Community Affairs Board of Advisors to Meet; Dr. Cathy Randall to Speak at Dinner

Members of the executive committee of the Board of Advisors of the UA Division of Community Affairs stand with Dr. Samory T. Pruitt (upper left) following their first meeting in April. From left, Divya Patel, Americus, Georgia; Katie Boyd Britt, Birmingham and Washington, D.C.; Joseph Bryant, Birmingham; Calvin Han, Stamford, Connecticut; David Bailey, Nashville, Tennessee; Victoria Javine, Tuscaloosa; and Rashmee Sharif, Tuscaloosa.
Members of the executive committee of the Board of Advisors of the UA Division of Community Affairs stand with Dr. Samory T. Pruitt (upper left) following their first meeting in April. From left, Divya Patel, Americus, Georgia; Katie Boyd Britt, Birmingham and Washington, D.C.; Joseph Bryant, Birmingham; Calvin Han, Stamford, Connecticut; David Bailey, Nashville, Tennessee; Victoria Javine, Tuscaloosa; and Rashmee Sharif, Tuscaloosa.

 

Members of the newly formed Community Affairs board of advisors listen intently to a fellow board member at the inaugural meeting of the group, held on campus in April. The group will return to campus for its next full work session in late September.
Members of the newly formed Community Affairs board of advisors listen intently to a fellow board member at the inaugural meeting of the group, held on campus in April. The group will return to campus for its next full work session in late September.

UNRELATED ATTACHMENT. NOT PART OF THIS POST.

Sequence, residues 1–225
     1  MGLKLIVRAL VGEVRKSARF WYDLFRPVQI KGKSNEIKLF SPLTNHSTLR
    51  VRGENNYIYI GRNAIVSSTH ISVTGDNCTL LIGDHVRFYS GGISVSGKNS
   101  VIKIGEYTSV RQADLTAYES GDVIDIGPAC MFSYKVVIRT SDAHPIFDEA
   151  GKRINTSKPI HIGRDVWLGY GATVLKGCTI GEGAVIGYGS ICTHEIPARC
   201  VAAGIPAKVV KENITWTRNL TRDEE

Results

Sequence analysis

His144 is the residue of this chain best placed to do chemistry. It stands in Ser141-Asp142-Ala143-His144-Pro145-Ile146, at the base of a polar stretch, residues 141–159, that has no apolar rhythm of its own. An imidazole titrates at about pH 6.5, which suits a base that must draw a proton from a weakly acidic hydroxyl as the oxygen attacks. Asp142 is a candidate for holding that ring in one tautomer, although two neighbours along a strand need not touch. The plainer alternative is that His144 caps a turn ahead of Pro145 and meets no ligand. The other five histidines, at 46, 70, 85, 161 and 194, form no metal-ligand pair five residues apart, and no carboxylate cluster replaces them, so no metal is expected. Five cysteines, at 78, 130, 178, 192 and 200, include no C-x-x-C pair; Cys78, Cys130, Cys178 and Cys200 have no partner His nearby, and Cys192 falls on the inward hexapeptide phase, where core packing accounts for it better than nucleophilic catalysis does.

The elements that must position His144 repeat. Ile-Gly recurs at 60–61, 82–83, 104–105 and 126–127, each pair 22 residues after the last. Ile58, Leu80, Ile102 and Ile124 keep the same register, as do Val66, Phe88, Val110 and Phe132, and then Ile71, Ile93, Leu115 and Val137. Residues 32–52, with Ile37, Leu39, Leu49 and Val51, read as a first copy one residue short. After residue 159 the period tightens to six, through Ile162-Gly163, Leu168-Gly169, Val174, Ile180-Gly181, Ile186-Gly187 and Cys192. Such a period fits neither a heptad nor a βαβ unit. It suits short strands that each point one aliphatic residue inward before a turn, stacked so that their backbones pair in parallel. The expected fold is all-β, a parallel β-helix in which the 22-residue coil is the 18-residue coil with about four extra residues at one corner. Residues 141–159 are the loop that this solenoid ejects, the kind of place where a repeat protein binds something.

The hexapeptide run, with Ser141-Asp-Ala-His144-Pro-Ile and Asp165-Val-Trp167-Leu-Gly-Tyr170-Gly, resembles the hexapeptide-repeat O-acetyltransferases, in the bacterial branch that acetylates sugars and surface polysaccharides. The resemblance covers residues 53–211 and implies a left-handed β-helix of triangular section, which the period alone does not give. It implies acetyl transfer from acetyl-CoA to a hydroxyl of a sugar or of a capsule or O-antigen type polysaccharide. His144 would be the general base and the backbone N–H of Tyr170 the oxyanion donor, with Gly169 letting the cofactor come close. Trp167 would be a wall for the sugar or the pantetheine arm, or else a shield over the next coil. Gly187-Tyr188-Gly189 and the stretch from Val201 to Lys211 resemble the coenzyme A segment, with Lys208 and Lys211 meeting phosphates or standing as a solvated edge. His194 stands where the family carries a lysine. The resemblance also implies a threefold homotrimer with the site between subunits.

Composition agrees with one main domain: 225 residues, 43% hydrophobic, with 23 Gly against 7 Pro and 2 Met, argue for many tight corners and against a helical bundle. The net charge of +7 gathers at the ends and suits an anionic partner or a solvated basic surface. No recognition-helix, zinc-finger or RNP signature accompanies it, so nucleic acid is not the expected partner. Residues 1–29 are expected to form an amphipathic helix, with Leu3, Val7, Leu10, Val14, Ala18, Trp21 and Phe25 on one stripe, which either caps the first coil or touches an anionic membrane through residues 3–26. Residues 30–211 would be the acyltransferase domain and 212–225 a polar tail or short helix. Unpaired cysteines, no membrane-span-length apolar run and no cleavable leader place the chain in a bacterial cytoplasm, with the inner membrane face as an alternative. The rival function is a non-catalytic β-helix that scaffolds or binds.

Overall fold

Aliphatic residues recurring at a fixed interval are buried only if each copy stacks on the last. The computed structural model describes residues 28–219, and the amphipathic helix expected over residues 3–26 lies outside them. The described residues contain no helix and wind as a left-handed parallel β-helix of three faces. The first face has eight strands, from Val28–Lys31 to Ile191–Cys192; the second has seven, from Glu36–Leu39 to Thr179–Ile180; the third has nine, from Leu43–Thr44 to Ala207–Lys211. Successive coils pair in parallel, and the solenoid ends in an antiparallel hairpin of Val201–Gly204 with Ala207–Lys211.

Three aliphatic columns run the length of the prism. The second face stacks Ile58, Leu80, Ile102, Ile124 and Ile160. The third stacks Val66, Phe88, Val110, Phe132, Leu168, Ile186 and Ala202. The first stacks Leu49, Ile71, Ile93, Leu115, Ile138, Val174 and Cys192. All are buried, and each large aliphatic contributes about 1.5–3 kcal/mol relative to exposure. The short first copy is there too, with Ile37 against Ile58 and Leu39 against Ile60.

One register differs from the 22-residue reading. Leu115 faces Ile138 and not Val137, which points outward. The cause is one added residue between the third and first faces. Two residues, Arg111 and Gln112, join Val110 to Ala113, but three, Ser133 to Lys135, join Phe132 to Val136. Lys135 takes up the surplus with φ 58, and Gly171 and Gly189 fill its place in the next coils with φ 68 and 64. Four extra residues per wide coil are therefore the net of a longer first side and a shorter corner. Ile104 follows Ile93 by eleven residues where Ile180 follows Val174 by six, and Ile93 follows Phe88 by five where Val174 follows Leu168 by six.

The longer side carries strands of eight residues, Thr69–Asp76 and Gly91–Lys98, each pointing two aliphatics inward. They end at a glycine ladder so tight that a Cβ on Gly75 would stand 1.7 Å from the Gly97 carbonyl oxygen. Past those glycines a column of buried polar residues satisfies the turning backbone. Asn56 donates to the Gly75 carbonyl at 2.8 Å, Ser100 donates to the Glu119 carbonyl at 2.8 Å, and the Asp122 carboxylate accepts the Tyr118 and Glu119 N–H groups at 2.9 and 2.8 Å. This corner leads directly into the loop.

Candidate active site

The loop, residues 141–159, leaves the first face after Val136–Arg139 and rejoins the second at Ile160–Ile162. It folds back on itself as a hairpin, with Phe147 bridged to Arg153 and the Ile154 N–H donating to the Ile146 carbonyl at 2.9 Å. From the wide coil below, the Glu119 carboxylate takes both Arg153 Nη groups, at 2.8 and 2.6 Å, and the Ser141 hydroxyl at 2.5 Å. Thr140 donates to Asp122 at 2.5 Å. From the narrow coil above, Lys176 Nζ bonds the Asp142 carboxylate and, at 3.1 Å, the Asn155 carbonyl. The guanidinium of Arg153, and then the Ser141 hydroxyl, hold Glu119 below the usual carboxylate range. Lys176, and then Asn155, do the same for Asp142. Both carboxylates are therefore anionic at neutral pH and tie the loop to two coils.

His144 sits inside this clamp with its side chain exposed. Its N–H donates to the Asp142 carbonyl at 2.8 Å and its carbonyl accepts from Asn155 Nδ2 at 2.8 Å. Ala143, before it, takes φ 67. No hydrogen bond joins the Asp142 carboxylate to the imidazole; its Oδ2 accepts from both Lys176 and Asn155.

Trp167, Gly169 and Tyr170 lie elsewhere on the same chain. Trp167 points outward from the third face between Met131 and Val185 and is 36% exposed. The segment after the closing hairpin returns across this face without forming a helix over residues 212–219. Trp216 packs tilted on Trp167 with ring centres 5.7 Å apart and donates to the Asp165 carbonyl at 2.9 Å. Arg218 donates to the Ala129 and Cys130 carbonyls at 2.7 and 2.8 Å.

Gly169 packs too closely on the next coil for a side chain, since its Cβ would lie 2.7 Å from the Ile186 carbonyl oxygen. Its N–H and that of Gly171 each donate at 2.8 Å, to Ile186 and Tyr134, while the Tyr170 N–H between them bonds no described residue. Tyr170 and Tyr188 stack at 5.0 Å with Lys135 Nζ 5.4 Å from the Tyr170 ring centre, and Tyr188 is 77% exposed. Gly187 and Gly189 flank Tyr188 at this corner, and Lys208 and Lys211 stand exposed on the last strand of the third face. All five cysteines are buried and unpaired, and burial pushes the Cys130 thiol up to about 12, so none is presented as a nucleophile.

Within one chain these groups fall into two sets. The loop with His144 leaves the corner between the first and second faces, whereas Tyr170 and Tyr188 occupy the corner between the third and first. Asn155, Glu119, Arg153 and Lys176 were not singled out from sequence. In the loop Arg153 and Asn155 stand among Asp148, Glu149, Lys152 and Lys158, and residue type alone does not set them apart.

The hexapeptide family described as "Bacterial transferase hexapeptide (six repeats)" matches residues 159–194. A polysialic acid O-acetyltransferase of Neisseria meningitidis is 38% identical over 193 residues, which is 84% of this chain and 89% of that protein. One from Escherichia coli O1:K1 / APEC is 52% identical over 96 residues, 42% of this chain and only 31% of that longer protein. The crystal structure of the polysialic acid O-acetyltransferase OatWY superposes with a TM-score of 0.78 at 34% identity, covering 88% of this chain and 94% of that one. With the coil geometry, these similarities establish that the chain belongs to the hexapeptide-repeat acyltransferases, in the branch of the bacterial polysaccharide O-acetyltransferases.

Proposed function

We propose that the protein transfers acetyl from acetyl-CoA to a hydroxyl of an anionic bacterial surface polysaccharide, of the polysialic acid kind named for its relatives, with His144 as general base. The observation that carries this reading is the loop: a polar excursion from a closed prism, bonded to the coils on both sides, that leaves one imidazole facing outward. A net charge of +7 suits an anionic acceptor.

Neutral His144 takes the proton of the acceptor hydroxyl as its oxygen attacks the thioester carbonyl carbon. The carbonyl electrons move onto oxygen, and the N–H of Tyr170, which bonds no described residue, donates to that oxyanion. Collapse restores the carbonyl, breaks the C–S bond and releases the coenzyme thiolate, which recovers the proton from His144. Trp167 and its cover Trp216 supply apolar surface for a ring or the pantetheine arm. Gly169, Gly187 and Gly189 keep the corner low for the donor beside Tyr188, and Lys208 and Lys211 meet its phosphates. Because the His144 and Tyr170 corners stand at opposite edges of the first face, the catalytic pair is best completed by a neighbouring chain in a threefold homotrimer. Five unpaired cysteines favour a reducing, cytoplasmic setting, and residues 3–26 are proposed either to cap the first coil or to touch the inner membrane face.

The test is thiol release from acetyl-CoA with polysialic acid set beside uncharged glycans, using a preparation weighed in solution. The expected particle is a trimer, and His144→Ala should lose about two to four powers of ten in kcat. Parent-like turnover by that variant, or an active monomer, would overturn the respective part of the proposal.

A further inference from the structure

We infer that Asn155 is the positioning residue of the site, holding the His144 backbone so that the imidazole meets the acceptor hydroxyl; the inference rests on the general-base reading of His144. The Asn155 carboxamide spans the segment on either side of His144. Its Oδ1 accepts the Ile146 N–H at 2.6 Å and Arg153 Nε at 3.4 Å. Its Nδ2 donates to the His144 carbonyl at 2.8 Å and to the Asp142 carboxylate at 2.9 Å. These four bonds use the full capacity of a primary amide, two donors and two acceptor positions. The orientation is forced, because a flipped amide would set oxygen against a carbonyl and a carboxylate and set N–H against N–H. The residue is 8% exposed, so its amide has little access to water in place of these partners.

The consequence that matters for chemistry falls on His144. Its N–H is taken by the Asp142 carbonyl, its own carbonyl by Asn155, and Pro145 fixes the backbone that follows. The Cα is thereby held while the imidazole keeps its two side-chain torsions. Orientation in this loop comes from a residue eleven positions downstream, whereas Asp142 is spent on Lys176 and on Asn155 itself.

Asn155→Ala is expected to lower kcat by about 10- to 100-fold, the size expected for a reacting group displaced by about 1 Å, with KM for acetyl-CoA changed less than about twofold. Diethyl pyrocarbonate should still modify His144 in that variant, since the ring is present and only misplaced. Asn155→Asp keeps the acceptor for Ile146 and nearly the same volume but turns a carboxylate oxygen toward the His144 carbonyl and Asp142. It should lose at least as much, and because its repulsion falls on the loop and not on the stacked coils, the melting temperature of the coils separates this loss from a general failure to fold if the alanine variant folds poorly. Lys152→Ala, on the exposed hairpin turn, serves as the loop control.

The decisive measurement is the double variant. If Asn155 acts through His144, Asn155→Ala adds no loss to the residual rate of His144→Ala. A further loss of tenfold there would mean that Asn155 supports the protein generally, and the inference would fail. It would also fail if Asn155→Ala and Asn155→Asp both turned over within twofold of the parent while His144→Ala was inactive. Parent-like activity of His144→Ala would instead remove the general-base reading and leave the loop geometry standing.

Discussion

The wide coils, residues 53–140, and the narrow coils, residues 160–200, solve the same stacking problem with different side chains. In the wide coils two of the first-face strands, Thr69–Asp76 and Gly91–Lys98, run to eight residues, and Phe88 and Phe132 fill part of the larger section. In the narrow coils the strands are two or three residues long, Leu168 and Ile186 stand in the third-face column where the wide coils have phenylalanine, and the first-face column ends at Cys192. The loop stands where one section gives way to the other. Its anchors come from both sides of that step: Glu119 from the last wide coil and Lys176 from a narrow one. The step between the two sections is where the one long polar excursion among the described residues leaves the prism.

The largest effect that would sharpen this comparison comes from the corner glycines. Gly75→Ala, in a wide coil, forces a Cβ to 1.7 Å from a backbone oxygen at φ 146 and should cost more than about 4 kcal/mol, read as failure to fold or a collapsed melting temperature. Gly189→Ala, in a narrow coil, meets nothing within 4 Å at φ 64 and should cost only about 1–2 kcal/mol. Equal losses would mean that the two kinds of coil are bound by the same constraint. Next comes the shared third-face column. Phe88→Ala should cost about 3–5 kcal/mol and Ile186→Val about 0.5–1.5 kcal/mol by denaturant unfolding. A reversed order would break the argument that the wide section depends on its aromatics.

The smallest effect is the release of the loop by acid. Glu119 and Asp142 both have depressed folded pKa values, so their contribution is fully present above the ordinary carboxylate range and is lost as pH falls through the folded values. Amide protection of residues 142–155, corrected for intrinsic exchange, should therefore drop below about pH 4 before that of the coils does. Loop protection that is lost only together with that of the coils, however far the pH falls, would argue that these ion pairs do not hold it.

FOR IMMEDIATE RELEASE

Division of Community Affairs
The University of Alabama
250 Rose Administration Building, Box 870113
Tuscaloosa, AL 35487-0113
Email: community.affairs@ua.edu
Phone: 205-348-8376

Sept. 12, 2016

By Diane Kennedy-Jackson
Community Affairs Publications Coordinator

 

TUSCALOOSA, Ala. — The Community Affairs board of advisors will meet on the campus of the University of Alabama Sept. 25-27 to discuss progress on initiatives and to formulate next steps toward meeting goals.

Formed in early 2016, the board is comprised of outstanding UA alumni committed to community engagement and student success. Members mentor current students and assist in recruiting outstanding future leaders. They also support campus-wide initiatives that increase student success and retention, facilitate student involvement in entrepreneurship and innovative initiatives, and support the development of thoughtful global and community leaders.

“I continue to enjoy working with such a wonderful group of leaders and look forward to the impact they will have on current and future UA students,” said Director of Community and Administrative Affairs Carol Agomo, who is facilitator of the advisory group.

While on campus, board members will participate in committee work groups and spend time hearing from three student panels on topics including academic success, global leadership and entrepreneurship.

“I am enthusiastic about reconvening on campus with my fellow board members,” stated Katie Boyd Britt, president of the advisory board’s executive committee. “I am honored to be working on this board with my fellow alumni and am enthusiastic about our next steps forward in our efforts for our alma mater and her students.”